Last week’s events surrounding Greece have led to relief on the financial markets. Without exception, the stock markets climbed, as did the bond markets on Europe’s periphery.
Despite the favourable response to date, the possibility of a Grexit is still present.
Ben Steinebach Head of Investment Strategy
The change began with the deal that Europe’s government leaders reached on Monday morning, following an all-night meeting. The deal had every appearance of strangling the Greeks, and that was in fact necessary: economic conditions in Greece have gone downhill rapidly, and tougher measures are needed to get the country’s economy back on track. Further developments followed in rapid succession.
On Wednesday Greece’s parliament voted in favour of the deal, even though the opposition provided more votes than the parties making up Syriza. This gave the country access to bridging funds and secured the measures to be implemented immediately: a broader basis and higher rate for VAT, pension reforms, statutory formalisation of semiautomatic austerity measures if economic conditions worsen and independent status for the statistical authority ELSTAT. Parliaments in other countries have yet to give the deal their backing. By Friday only France and Finland had approved it. A great deal would hinge on Friday’s vote in Germany’s Bundestag. At the same time, the IMF continues to urge Greece’s creditors to make the debt more sustainable, which presumably will mean easing the terms (even lower interest and even longer repayment deadlines), as Germany is fiercely against actual relief.
In the meantime the European Central Bank (ECB) has resumed the emergency funding for the Greek banks and approved a further EUR 900 million. According to Mario Draghi, the better part of the Greek government debt – EUR 130 billion of it – is now in ECB hands. Once the national parliaments give the deal their backing, negotiations can begin about a third bailout programme (this time from the ESM, the European Support Mechanism). However, this is not a sure thing yet, particularly with Greece’s economy deteriorating further, and implementing the reforms might also still pose difficulties.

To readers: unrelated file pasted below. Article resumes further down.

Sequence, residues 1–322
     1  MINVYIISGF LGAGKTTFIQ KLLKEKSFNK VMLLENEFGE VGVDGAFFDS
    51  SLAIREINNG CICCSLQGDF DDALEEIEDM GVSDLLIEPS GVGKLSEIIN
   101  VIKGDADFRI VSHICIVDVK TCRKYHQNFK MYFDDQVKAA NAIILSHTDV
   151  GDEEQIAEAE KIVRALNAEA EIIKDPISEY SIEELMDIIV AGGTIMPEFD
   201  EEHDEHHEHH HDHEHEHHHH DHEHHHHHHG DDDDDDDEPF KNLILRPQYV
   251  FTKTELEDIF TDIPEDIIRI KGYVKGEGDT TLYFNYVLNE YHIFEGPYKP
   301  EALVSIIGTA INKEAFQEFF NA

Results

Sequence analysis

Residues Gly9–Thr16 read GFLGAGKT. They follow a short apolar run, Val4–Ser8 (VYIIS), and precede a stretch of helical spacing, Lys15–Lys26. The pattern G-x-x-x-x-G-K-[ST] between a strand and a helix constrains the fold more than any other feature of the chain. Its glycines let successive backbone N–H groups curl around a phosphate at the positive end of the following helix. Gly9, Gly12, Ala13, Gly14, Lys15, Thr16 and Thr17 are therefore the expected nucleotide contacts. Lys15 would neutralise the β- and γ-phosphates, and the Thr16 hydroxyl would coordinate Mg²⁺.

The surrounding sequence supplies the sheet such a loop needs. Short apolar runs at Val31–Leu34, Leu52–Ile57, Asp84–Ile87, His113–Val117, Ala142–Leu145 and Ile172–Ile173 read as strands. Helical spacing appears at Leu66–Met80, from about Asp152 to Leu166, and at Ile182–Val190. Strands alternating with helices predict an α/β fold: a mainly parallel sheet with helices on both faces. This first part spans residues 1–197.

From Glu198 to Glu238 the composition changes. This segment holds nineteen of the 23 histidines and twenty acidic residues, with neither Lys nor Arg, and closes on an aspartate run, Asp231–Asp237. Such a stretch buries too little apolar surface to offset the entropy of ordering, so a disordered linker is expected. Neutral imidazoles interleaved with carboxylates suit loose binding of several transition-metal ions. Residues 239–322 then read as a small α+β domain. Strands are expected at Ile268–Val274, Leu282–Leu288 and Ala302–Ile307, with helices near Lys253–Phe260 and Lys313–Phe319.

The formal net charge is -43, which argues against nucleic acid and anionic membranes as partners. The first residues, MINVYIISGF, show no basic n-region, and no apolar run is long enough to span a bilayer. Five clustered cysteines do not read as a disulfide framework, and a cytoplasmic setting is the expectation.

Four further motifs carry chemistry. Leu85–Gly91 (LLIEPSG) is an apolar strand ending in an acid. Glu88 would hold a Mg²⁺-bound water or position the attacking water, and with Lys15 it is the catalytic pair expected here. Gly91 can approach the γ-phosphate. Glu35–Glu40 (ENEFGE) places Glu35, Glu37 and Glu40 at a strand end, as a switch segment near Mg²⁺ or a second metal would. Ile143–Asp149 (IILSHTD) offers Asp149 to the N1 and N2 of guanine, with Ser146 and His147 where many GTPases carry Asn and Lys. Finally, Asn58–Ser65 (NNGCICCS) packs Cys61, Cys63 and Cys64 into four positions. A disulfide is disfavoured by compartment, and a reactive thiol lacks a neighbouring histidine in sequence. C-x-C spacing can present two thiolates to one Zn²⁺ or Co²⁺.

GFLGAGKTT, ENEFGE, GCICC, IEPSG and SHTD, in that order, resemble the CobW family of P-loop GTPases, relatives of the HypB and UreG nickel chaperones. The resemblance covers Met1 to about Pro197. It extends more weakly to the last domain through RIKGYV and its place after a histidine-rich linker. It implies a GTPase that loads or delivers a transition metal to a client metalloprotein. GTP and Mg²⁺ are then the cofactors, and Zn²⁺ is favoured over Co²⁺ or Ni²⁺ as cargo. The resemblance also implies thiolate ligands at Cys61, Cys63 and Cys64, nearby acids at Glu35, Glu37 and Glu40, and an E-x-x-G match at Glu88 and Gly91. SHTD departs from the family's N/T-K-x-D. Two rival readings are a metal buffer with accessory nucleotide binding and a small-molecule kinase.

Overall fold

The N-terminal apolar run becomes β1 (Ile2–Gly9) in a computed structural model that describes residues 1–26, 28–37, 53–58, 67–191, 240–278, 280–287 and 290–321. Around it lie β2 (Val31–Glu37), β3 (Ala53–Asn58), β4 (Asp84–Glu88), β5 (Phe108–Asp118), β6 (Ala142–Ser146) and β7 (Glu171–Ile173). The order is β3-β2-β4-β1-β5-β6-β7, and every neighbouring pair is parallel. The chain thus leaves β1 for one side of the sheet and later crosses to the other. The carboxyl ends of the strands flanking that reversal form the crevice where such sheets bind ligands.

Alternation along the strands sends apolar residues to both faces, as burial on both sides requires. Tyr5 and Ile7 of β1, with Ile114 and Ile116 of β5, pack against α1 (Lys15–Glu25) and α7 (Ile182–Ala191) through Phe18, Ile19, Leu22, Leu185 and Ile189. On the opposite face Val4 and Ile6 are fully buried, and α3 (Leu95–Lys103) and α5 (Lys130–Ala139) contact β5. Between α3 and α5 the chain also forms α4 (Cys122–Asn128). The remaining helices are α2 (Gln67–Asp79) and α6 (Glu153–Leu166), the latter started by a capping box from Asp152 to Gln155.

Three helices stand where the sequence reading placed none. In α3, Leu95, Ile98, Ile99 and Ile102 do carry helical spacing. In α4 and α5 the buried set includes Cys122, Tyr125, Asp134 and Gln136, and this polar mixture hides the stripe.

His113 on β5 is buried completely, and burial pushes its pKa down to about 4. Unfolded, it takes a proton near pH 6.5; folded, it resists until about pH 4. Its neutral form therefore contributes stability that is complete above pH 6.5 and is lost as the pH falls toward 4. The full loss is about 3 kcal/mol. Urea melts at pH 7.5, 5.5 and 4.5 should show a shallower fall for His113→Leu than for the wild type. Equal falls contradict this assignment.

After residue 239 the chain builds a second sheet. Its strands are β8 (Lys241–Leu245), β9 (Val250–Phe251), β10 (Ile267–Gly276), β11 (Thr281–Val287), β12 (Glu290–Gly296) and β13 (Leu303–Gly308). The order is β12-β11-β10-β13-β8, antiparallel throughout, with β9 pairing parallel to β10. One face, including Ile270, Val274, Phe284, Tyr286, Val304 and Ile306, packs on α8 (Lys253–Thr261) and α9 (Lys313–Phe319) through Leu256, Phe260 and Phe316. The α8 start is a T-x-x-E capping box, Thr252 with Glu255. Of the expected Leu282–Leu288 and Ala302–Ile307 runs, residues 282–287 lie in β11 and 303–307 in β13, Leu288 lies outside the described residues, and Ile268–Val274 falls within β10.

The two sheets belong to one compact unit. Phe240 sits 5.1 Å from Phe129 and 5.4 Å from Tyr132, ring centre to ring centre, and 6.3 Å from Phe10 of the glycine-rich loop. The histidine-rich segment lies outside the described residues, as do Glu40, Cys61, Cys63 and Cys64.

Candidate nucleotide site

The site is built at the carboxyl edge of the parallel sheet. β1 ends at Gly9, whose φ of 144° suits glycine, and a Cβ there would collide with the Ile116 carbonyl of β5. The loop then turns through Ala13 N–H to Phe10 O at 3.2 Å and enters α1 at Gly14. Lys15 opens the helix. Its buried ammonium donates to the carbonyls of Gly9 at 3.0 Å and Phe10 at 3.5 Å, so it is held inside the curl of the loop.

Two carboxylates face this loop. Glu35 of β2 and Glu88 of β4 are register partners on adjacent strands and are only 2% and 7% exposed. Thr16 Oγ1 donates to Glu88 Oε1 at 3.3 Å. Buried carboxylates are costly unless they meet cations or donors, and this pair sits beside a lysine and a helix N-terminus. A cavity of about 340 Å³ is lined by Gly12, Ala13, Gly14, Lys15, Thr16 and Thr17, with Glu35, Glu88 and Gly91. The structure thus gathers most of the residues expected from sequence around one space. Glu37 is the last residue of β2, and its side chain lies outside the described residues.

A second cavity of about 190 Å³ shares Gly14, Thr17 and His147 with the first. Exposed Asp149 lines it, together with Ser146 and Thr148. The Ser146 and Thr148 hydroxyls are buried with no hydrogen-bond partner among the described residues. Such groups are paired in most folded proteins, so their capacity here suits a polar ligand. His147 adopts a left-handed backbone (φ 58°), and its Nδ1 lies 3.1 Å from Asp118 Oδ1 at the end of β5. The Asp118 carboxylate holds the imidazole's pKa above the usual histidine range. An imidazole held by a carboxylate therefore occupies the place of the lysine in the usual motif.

Despite the favourable response to date, the possibility of a Grexit is still present. Nevertheless, the stock markets shot up last week, by around 2% in the United States and generally by twice that in the eurozone. Asia’s markets also continued their recovery, boosted by encouraging Chinese international trade, industrial output, retail data, and most importantly the Q2 Gross Domestic Product (7%). Ten-year yields in Spain and Italy fell by 5 and 18 basis points, respectively, and in Greece by an astonishing 200 basis points.
Other causes for optimism: Iran and the US economy
The international markets were also affected by other developments besides those in Greece: an agreement with Iran about its nuclear programme and Fed Chairwoman Janet Yellen’s semi-annual speech before Congress. The first Q2 corporate earnings were also announced. The deal with Iran met with positive response around the world, including in Iran itself, where the people consider themselves liberated after years of sanctions. Janet Yellen’s speech contained little in the way of news, though she did confirm our prediction that the first Fed Funds Rate hike will take place in September. Last week’s Beige Book, showing the economic situation in the various districts of the Federal Reserve over a six-week period, indicated faster economic growth. This warrants a rapid rate hike, presumably to be followed by further hikes at a very moderate pace.